Were you a Chris Boardman fan? Or was the enigmatic Graeme Obree more your style?
Two very fast yet very different British cyclists whose career trajectories crossed with spectacular effect during the 1990s in their shared quests for the holy grail of road cycling: the hour record.
Both men held the record that had previously belonged to the likes of Coppi, Merckx and Moser. Both lost it again. And both reclaimed it. Again. Between them Obree and Boardman won national titles, rainbow jerseys, Tour prologues and a swag of medals at major championships. Their rivalry even inspired the 2006 feature film, The Flying Scotsman.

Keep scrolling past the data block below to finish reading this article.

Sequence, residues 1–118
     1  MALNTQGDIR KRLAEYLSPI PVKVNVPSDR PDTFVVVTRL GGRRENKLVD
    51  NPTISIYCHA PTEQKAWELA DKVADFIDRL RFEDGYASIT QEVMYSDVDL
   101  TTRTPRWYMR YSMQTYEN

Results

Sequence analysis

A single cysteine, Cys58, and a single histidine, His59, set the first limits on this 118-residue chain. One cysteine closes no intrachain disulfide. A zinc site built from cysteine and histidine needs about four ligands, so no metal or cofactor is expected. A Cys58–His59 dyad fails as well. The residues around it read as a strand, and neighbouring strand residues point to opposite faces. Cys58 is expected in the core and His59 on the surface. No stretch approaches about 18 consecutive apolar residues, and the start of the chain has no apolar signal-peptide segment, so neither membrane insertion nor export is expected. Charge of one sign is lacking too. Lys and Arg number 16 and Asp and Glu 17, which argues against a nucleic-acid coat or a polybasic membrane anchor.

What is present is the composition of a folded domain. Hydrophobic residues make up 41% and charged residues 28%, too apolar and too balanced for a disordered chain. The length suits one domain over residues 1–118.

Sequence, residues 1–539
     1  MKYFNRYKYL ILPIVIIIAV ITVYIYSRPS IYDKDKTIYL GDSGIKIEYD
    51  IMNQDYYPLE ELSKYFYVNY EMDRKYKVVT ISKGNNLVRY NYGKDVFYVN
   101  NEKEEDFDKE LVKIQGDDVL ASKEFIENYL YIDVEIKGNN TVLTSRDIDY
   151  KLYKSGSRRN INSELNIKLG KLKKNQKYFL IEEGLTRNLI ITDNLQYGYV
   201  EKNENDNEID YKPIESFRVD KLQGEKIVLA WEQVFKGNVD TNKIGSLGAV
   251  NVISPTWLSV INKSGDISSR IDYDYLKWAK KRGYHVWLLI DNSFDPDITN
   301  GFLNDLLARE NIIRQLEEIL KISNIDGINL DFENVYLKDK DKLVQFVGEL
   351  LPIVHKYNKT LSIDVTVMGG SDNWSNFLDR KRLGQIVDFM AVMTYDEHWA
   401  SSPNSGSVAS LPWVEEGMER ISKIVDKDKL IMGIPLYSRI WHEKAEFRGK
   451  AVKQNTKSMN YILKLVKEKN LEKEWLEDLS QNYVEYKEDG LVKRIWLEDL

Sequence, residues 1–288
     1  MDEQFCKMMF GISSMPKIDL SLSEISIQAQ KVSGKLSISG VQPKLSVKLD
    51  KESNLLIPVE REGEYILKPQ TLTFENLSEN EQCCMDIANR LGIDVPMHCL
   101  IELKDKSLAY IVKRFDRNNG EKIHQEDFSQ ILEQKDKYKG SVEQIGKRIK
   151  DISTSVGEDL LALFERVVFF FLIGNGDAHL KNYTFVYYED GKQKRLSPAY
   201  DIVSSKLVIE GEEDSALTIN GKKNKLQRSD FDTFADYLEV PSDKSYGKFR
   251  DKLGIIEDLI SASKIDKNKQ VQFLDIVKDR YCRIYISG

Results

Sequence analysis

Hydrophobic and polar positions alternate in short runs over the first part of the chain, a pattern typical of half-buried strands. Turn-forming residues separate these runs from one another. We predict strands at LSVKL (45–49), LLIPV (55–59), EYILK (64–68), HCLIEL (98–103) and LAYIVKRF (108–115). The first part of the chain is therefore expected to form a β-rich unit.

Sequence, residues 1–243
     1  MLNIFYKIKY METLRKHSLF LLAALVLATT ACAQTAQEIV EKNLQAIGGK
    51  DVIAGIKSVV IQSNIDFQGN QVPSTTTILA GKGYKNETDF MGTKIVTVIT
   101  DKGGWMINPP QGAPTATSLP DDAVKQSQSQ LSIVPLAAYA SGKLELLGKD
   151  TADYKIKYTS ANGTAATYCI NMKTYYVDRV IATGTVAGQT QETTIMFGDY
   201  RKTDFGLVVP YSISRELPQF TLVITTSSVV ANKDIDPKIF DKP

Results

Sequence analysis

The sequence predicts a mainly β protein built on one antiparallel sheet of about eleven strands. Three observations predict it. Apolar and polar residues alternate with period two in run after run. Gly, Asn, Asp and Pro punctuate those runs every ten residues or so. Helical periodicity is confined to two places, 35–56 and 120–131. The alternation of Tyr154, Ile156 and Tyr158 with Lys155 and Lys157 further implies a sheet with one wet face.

This book documents their respective journeys. And it’s about 20% too long. That said, it’s filled with some fascinating and, at times, disturbing insights into one of cycling’s greatest ever rivalries. It explores how two remarkable yet flawed men drove each other to incredible feats on the boards and roads of Britain and Europe. It’s a story of contrasts; two very different ways to achieve the same ultimate goal. The fastidiously scientific approach of Boardman and his coaches, focused heavily on watts, will seem more than a little familiar these days. Versus the creatively chaotic approach of bipolar disorder suffer, Obree, whose pursuit of the ultimate aerodynamic bike (he built most of his equipment himself) and riding position was so radical he was pursued relentlessly by the UCI whose constant rulechanges almost drove him from the sport.
The Race Against Time goes on a bit. But if you’re interested in cycling history, and the goings on that have led to the rise and rise of British Cycling in the last decade, it’s definitely worth a read.